Friday 20 January 2012

31 Days of Blogging - Day 20

Day 20 – Enya – Caribbean Blue

Decades come and decades go. The 1980’s was over and the 1990’s were upon us.

So much happened to me in the 1980’s that I thought it might be a difficult one to top. The 1990’s however, proved to be as big a rollercoaster ride as the 1980’s – but for wildly different reasons.

It started off calmly enough, a calm that is reflected in this wonderfully mellow song by Enya.

By now we had moved to a three bedroomed detached house in Altrincham and W was happy and content. Her life plan was coming together and she was climbing the social ladder to the level that she wanted – to match that of her parents.

From my relatively lofty position, I was staring down to the life that my mum had envisaged for me. I was having dinner parties with bankers and managers, people who made conversation about promotions and career paths and not about life in general.

One of our neighbours wanted a personalised number plate so that people didn’t know how old her car was. As far as she was concerned, she was with the movers and the shakers.

I felt kind of uncomfortable with that.

I was entertaining people who drank brandy and port and looked down on those who liked a beer. Was I punching above my weight?

I didn’t really feel comfortable with people who urged me to climb the corporate ladder and appeared to judge me based on my car and how old it was.

My friends made me happy and as long as I was happy I was fine; as long as I could do what I liked I was fine; as long as I was able to buy what I wanted, go out with my friends, play football with the lads and enjoy my home life, I was fine; as long as I could travel I was fine.

And I could do those things – but there was something slightly wrong. The differences between my working class upbringing and W’s rather lofty ambitions were beginning to cause cracks in our relationship.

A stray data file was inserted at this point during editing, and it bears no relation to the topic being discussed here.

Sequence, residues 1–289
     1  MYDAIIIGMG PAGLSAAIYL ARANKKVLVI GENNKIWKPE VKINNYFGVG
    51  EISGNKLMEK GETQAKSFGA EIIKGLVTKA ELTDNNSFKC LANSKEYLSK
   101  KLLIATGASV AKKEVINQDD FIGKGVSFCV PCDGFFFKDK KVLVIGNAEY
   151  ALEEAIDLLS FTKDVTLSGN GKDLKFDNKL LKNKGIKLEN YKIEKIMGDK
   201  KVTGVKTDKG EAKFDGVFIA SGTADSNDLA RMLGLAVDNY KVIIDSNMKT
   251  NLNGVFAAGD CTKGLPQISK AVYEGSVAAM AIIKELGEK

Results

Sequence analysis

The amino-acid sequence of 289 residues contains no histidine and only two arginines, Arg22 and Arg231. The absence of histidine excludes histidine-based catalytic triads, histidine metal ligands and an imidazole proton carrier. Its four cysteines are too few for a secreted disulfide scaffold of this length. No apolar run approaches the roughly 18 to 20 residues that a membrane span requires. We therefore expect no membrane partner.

Looking back, it was obvious that W’s plan and my plan were diverging.

At first I thought nothing of it and I succumbed to her desires, under the pretence that I was somehow becoming a better person by mixing in circles that W felt comfortable with. She wasn’t that keen on my closer friends – she was friendly enough but I sensed that she considered them to be holding me back a little.

We had a big house and I loved it – I was happy. But W wanted more – not just yet but the signs were there.

Hints like “the house is too small” – we had a brand new three bedroomed detached house! Why did we need another one? It was easily big enough for a family of four. I didn’t understand it.

But I did try – in the interests of harmony.

At the time Caribbean Blue was released, we had a wonderful holiday to Greece and I recall walking along a cliff face staring out at the brilliant blue sea with a fabulous cloudless sky reflecting the sun’s rays as it made its descent to the horizon – and Caribbean Blue was in my thoughts – it was like paradise. On this holiday we were fine – I forgot about our differences.

We were abroad and I was relaxed. I was travelling.

We dined, we drank we danced and we talked.

When we got home, though, I was disappointed – not just because our holiday had finished; it was because I was stepping back into W’s world, a world in which she was happy and didn’t care about how I felt.